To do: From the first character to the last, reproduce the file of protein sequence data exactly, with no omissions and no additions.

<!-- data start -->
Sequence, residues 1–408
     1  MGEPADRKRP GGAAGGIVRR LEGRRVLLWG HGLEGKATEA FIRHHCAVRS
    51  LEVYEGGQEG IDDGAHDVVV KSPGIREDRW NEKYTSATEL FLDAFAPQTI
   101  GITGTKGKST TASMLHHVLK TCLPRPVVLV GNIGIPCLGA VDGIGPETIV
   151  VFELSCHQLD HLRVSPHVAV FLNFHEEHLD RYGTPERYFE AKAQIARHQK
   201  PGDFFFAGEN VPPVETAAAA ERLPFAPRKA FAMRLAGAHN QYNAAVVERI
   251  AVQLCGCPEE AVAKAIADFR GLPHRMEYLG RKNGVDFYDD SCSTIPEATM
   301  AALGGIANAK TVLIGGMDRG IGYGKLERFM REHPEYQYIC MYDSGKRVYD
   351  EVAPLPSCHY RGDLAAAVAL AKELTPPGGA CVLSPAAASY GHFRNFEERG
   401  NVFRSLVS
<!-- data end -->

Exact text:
Sequence, residues 1–408
     1  MGEPADRKRP GGAAGGIVRR LEGRRVLLWG HGLEGKATEA FIRHHCAVRS
    51  LEVYEGGQEG IDDGAHDVVV KSPGIREDRW NEKYTSATEL FLDAFAPQTI
   101  GITGTKGKST TASMLHHVLK TCLPRPVVLV GNIGIPCLGA VDGIGPETIV
   151  VFELSCHQLD HLRVSPHVAV FLNFHEEHLD RYGTPERYFE AKAQIARHQK
   201  PGDFFFAGEN VPPVETAAAA ERLPFAPRKA FAMRLAGAHN QYNAAVVERI
   251  AVQLCGCPEE AVAKAIADFR GLPHRMEYLG RKNGVDFYDD SCSTIPEATM
   301  AALGGIANAK TVLIGGMDRG IGYGKLERFM REHPEYQYIC MYDSGKRVYD
   351  EVAPLPSCHY RGDLAAAVAL AKELTPPGGA CVLSPAAASY GHFRNFEERG
   401  NVFRSLVS